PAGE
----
# Are Matsubara states pure states?

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Generally in a non-interacting QFT one can solve the Klein-Gordon equation to get a (complete) set of states $\frac{e^{i\omega_k t-ikx}}{\sqrt{2\omega_k}}$. It is not clear to me how to construct the density matrix $\rho_0$ for zero-temperature QFT, but presumably it can be done, and the resulting matrix corresponds to a pure state (zero entropy).

On the other hand, at finite temperature one has to solve the imaginary'' time K-G equation and it yeilds a set of eigenmodes $e^{i(2\pi/\beta)n\tau-k_nx}$ for integer $n$. This state has dispersion, and as well, the entropy corresponding to the free-particle states is that of a Bose gas at temperature $\beta$.

My question is: what do the eigenmodes correspond to in this case? Are they complete, and if so, do they correspond to a mixed state''?

This post imported from StackExchange Physics at 2014-11-13 08:03 (UTC), posted by SE-user alphanzo
retagged Nov 13, 2014

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I would love to hear an authoritative and concrete answer, but till then, here's what I think:

The finite temperature (Matsubara) state is a mixed state (as one should expect, for thermal states). When one Wick rotates and compactifies the time direction into a circle (while imposing suitable BCs), I think one turns the sum in the partition function into a decoherent sum over energy levels -- as a trace over the diagonal elements in a density matrix.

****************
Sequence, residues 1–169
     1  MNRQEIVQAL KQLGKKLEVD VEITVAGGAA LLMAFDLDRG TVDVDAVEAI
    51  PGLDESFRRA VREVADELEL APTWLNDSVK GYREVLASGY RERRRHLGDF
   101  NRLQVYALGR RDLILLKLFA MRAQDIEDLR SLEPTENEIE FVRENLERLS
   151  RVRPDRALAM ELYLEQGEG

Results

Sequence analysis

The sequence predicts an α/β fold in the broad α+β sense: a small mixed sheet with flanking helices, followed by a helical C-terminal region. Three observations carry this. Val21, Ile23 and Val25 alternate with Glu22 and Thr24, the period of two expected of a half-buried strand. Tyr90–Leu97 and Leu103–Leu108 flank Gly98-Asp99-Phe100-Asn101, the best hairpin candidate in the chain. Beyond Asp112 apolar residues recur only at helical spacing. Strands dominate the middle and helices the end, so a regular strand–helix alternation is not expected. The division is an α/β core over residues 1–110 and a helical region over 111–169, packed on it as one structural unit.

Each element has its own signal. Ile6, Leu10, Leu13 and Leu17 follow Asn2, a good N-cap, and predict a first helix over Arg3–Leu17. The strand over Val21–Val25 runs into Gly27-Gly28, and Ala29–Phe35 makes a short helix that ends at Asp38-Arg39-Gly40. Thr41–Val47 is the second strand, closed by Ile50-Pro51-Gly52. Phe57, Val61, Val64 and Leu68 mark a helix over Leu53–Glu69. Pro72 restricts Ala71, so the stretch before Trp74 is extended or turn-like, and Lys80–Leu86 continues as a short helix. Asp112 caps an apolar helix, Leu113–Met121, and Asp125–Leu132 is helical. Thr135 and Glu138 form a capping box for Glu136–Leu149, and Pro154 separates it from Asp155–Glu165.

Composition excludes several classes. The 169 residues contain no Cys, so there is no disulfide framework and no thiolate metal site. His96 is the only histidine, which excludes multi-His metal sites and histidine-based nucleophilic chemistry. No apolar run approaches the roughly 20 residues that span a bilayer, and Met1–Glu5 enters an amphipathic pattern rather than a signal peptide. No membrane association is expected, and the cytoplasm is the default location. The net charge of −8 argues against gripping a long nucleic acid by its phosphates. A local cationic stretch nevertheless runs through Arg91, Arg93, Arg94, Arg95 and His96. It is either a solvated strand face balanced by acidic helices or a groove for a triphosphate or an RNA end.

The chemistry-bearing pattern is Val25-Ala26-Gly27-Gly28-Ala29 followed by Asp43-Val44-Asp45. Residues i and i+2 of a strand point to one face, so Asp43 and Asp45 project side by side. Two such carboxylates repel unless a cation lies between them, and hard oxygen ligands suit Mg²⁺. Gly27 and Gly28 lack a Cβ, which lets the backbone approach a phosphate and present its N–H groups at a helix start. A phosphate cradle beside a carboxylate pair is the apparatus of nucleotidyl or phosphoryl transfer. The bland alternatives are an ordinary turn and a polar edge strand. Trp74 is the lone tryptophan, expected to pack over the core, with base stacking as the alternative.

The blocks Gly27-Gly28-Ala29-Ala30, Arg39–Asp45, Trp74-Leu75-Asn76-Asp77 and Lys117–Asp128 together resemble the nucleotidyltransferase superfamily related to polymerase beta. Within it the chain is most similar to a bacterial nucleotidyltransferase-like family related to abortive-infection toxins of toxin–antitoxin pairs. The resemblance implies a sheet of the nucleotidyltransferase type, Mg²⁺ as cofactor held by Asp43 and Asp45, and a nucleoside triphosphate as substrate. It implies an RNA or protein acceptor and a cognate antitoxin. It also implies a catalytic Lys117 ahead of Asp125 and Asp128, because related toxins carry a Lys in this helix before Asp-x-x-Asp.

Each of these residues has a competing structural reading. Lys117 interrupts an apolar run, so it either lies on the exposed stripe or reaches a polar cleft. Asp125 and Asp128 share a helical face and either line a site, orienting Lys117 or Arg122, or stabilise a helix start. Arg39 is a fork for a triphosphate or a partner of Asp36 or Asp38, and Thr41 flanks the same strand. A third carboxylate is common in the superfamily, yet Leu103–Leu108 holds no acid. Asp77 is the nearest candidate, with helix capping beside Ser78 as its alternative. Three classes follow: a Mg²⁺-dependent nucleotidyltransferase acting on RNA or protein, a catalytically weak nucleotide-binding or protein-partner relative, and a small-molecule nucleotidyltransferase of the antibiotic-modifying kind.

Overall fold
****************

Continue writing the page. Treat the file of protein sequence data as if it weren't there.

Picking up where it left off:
The zero temperature state was a coherent superposition while the finite temperature state is a decoherent superposition. It's not completely clear to me whether this "decoherence" is happening from the compactification, or the Wick rotation. I'm tempted to imagine that the act of compactifying (hence changing the topology) makes the sum decoherent (the size just sets the energy scale for the thermal distribution). The Wick rotation should plausibly only change the weights in the sum from phases to Boltzmann suppression. But if one has a diagonal density matrix, it better have real eigenvalues, so maybe Wick rotation is a must before we compactify the time direction. (That might also help prevent closed time-like curves)

Like I said, I'm just thinking out aloud. I would highly appreciate if there were more responses answering the question or even comments elaborating on my thinking.

This post imported from StackExchange Physics at 2014-11-13 08:03 (UTC), posted by SE-user Siva
answered Nov 13, 2014 by (720 points)

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